The Harrison Clinic
The Harrison Clinic
The Harrison Clinic

sports-clinic-bannerWhilst running and cycling are my chosen methods of getting a sweat on at the weekend, I have always been pretty broad minded in my enthusiasm for all sports. As such, I was very excited recently when a member of Reading Football Club’s physiotherapy team got in touch to ask if I would come and help work with the first team as a soft tissue therapist. Sport has always been a passion for me, but  I’ve never been under any misapprehensions that I could have had a career as a professional sportsman so it has been brilliant to be able to see how things work inside a professional environment. Whilst there are a lot of differences in the worlds of professional and amateur sportsmen and women, there do seem to be several lessons that we can take from the pros.

1. The body as a tool.

Many amateur sportsman are prepared to spend significant amounts of money on their equipment, but will often ignore their most fundamental sporting tool both in terms of time and money. The latest time trial bike will not go any faster without a healthy body to drive it and it is noticeable that the professionals will invest significant time and effort into carrying out routines like pre-habilitation drills and core strength exercises. In fairness, these do take time, which Reading’s footballers perhaps have more of, but we can all still follow their lead. Inevitably I’m biased and would also encourage people to emulate their use of supplementary treatments and spend money on regular massage and other therapy to ensure your body is in the best condition it can be – the body needs servicing as well as the bike!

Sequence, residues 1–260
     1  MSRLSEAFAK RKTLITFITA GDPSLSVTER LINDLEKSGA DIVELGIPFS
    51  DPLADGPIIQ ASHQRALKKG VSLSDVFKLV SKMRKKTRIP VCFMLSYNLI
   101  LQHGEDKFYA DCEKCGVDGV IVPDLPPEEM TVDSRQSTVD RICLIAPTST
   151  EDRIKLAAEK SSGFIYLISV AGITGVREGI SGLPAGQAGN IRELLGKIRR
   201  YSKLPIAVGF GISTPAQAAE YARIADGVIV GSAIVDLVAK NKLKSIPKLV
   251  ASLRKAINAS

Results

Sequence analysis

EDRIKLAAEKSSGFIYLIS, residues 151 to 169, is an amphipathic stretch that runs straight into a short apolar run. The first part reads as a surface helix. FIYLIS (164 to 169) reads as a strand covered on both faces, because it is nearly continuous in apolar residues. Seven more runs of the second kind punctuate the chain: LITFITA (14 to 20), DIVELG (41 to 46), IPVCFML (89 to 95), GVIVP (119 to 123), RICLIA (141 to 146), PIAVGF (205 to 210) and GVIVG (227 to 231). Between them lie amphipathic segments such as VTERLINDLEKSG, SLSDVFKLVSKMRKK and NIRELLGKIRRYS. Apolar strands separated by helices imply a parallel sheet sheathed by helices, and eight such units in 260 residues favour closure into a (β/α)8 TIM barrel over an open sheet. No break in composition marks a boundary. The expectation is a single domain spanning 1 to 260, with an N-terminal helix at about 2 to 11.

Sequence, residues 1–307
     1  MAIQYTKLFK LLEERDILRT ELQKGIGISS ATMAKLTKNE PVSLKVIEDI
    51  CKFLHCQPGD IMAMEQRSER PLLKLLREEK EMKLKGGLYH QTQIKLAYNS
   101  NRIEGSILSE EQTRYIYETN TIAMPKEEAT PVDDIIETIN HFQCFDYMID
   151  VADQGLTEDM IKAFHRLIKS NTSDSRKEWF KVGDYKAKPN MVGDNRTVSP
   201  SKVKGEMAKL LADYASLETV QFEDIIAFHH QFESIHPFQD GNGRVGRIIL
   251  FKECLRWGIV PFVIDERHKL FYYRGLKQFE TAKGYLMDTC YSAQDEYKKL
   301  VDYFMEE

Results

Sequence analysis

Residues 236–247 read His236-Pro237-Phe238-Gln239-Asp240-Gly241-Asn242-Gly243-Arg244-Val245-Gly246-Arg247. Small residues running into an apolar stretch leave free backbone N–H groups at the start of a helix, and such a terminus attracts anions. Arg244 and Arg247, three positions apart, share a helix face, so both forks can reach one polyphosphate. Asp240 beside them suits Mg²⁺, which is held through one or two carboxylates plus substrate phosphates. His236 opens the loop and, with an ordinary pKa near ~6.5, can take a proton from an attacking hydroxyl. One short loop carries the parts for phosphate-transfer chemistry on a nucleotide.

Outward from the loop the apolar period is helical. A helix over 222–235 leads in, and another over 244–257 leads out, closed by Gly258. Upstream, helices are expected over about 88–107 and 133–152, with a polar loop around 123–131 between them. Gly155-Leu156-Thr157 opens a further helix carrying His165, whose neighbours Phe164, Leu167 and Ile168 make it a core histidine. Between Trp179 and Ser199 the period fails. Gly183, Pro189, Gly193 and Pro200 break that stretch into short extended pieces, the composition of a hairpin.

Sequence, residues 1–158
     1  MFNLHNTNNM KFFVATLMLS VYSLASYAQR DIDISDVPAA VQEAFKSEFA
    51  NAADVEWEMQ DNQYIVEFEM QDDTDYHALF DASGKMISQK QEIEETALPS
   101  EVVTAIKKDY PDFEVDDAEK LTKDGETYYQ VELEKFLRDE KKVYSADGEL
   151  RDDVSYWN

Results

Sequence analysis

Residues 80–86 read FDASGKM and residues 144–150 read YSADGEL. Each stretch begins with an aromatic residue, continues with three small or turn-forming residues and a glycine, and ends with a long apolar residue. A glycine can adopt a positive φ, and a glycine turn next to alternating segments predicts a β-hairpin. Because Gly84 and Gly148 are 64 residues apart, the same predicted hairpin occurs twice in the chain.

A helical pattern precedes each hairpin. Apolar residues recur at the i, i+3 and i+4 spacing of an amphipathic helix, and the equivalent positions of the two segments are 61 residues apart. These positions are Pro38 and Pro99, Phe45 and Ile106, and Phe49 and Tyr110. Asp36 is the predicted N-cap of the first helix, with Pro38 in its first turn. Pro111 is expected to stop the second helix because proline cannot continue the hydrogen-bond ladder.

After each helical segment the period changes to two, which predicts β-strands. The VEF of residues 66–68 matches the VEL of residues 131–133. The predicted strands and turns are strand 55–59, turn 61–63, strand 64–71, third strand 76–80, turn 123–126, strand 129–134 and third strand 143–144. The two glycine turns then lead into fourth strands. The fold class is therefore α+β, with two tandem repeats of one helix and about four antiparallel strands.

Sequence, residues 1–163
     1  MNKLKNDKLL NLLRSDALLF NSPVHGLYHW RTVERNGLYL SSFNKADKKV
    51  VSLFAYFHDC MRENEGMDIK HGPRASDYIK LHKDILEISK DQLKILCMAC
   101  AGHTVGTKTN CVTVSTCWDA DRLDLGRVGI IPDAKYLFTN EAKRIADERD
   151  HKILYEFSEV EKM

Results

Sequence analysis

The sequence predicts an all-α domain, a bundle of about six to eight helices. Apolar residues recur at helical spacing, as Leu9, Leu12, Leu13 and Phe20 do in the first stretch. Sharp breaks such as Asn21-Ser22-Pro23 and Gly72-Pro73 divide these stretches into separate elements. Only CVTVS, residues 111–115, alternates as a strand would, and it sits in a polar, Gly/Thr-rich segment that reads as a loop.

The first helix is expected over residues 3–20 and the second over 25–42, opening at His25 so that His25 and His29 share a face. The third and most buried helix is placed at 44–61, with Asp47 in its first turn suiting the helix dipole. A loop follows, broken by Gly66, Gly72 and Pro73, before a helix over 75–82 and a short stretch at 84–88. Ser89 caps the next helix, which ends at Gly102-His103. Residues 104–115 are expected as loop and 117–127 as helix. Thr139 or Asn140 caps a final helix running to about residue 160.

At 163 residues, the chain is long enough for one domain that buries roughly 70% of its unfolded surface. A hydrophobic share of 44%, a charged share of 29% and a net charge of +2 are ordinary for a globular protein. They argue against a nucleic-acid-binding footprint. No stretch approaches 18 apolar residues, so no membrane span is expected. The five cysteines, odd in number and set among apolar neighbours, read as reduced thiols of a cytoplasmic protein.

2. 24 hour athlete.

The one hour of therapy you might receive each week or month is great for ironing out niggles, treating injuries and keeping your body balanced and healthy. However, there are a further 167 hours in the week when you’re not in the therapy room and those are really important hours to make sure you focus and get the best out of yourself. This might mean addressing your dietary balance, stretching more, making sure you have good posture at your desk or any number of small changes to daily life that will help your body work as well as possible. It’s what you do all day everyday that contributes to how much you get out of your body, not just the moments when you are focusing on your chosen sport or in the therapy room.

3. Don’t just listen to advice, act on it!

This is particularly the area I need to address… Too often people receive good advice which they respect and believe in, but don’t then put it into practice. Sadly just because you’ve heard and understood an exercise description, or bought yourself a Swiss ball, it doesn’t mean that the job is done and you can sit back and congratulate yourself! The drills need to be done regularly and well, as your therapist or trainer has set out, or indeed as you know yourself. I’m always really impressed to glance into the rehab gym at Reading FC and see players visibly working hard and concentrating on each minor proprioception or muscle activation drill they’ve been given, making sure that they get the most out of their session and give themselves the best chance of performing well on Saturday afternoon.

I am definitely guilty of looking at the foam roller in the corner of my room rather than actually using it to work on myself, but I’ve made a promise to myself that that will change from now, and I hope you can too. For better or worse, we are not all going to be top level footballers with the pressure and rewards that that brings, but I know we can take valuable lessons from these professionals to bring into our own sporting and personal lives.